Maybe you’ve been optimizing an experiment for a while and finally have it working. You do that first solid trial and see a cool effect! Hurray!! Now what? The urge to run and tell your advisor might be strong, but you can definitely anticipate some of their next questions. Most people will tell you not to get too excited until you repeat it, but let’s go over some specific steps you might take to validate your result.
1) Think back to your experiment and whether the conditions and procedure went according to plan. This information should be in notes you took while performing the experiment. Were your cells healthy to begin with? Was the timing of the experiment precise? Did something strange happen during the procedure? If something went wrong that might affect the outcome, repeat the experiment.
2) Have you included relevant positive and negative controls in your experiment? Did they work? REALLY don’t bother to show it to your PI if you have omitted controls or the controls don’t work. Neither you nor your advisor will be able to interpret the result without working controls. Importantly, come up with a theory for why the controls didn’t work, fix, and repeat. Don’t just do the exact same thing again hoping for a different result unless you have thought about this first or have reason to believe something might have gone wrong (see #1 above).
3) Have you quantified the data? Don’t go with your gut or trust your eyes! Most of the time we are not capable of distinguishing by eye and are often biased by what we expect the result to be if not blinded. If the result is as unambiguous as night and day (there vs gone, many vs none, completely in the wrong place etc), go ahead and do a happy dance. Your PI might still not be as excited as you hoped if you haven’t repeated it, but in my opinion, a very solid trial with working controls and a quantified outcome is worth discussing. If there MIGHT be an effect but it’s hard to say, start quantifying any properties that might be relevant, even if it’s not what you were after initially. Sometimes what you were looking for isn’t true but something else relevant is. Collect some descriptive statistics that might be useful. All this is to say, your experiment isn’t done until you have analyzed the data.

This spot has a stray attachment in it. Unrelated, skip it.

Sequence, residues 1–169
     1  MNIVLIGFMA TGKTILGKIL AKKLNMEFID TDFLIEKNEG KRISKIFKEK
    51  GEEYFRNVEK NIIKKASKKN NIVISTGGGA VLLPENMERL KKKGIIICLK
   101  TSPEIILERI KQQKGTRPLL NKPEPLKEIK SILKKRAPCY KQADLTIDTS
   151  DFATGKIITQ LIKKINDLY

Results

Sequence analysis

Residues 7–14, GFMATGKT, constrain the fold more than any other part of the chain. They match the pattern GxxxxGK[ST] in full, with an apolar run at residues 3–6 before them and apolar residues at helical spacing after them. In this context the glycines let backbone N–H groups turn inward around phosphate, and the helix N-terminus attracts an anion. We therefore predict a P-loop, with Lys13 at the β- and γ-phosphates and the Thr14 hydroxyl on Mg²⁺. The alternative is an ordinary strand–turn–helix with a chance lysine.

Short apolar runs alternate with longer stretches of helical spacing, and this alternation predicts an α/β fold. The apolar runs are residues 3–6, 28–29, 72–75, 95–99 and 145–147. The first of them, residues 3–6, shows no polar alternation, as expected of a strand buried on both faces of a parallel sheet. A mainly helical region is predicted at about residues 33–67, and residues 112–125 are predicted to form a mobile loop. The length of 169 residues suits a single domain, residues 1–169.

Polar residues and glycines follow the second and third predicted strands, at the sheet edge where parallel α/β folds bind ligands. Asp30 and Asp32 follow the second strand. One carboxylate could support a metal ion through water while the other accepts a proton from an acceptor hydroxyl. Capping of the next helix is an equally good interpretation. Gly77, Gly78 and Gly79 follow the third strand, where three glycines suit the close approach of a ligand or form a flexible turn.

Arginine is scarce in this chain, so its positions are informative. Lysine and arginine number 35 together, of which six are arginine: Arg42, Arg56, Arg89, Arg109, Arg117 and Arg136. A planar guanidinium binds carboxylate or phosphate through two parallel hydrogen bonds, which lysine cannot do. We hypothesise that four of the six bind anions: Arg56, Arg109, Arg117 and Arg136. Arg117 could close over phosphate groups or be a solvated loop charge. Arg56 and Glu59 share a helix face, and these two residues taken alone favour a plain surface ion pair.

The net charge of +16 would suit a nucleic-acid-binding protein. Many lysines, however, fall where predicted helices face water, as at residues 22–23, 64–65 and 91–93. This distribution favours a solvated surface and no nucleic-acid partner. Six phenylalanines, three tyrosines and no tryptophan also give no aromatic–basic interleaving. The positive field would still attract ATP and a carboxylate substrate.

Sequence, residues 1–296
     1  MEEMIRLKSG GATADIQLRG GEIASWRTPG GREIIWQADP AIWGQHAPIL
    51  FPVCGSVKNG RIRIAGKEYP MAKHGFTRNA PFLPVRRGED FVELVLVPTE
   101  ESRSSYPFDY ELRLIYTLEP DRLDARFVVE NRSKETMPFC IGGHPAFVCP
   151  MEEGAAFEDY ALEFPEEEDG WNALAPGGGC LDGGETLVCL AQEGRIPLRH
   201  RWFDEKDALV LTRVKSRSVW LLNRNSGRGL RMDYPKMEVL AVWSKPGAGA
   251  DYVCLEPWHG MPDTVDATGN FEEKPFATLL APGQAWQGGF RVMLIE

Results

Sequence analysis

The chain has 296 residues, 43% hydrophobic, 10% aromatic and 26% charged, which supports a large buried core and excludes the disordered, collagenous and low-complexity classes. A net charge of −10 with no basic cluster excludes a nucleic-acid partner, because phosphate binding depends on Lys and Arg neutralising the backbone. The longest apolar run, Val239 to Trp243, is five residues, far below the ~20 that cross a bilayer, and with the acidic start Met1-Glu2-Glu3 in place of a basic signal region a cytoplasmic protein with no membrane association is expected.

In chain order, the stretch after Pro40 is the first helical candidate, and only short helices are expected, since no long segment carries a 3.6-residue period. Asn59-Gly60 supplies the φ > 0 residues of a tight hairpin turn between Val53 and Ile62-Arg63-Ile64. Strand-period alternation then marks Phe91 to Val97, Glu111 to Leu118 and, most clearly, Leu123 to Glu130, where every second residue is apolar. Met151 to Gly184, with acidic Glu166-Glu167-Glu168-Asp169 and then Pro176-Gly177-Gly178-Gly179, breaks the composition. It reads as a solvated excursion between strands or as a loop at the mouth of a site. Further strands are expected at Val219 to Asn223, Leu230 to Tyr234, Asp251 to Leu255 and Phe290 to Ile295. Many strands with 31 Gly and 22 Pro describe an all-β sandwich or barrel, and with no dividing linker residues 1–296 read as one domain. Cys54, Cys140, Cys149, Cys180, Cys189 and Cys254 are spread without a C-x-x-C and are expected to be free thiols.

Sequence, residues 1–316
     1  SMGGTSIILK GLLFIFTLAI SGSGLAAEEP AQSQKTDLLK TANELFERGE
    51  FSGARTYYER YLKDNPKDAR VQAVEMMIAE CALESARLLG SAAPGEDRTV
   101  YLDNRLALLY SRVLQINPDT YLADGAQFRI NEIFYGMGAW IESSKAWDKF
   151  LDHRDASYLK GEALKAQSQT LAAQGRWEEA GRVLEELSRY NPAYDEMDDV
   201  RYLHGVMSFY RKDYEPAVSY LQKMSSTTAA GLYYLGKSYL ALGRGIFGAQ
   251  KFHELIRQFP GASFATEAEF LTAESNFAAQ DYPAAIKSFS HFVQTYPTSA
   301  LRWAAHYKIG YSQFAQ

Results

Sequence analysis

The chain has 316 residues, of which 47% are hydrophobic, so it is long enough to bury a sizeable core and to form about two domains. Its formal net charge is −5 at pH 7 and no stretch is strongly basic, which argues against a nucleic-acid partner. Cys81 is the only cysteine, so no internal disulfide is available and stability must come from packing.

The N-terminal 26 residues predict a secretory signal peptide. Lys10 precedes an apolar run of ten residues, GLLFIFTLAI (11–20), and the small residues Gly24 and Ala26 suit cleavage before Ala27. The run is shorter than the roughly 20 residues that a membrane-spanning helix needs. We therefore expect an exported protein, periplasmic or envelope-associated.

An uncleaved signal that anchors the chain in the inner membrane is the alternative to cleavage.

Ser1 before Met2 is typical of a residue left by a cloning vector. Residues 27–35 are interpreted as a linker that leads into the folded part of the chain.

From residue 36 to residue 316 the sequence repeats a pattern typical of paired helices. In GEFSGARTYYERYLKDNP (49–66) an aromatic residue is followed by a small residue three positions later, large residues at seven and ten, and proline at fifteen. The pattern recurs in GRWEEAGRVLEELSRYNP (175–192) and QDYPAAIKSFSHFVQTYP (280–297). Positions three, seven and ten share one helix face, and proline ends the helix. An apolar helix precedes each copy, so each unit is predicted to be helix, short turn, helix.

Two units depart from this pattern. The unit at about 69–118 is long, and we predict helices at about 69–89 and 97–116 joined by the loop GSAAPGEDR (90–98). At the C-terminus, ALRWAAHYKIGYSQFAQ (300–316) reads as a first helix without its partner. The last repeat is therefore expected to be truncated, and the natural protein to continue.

4) Now that you have analyzed the data and know the true result, you’re ready to do a biological replicate (repeat the same experiment with new samples/cells/trials). If you get something different the second time, it’s tempting to do the experiment again to break the tie. A high degree of variation from experiment to experiment might mean that you haven’t controlled for some critical variable or that the parameter you’re testing is not the predominant causative factor for the process of interest. It is worth re-thinking both the design and premise of your experiment. Definitely tell your PI if the result is repeatable. They are likely holding their breath and will be ecstatic.
5) Finally, if the result is repeatable, what does it mean? Your experiment is also not done until you have interpreted the result. Make a model of what you think is happening biologically with your new information. Now test and try to break the model using ORTHOGONAL experiments. This is key. You can do the experiment 1000 times, but it can’t give you the confidence of multiple orthogonal results (particularly if the effect size is small or there is some variation). If the results or orthogonal experiments are consistent with your initial finding, this is the home run. Your result is solid and you’ve found something new! Congratulations!! You and your PI can both do the happy dance! If the orthogonal results aren’t consistent, it’s time to revise the model and come up with a new set of experiments to test it. This isn’t a failure. Herein lies the real beauty of science: systematically getting ever closer to discovery!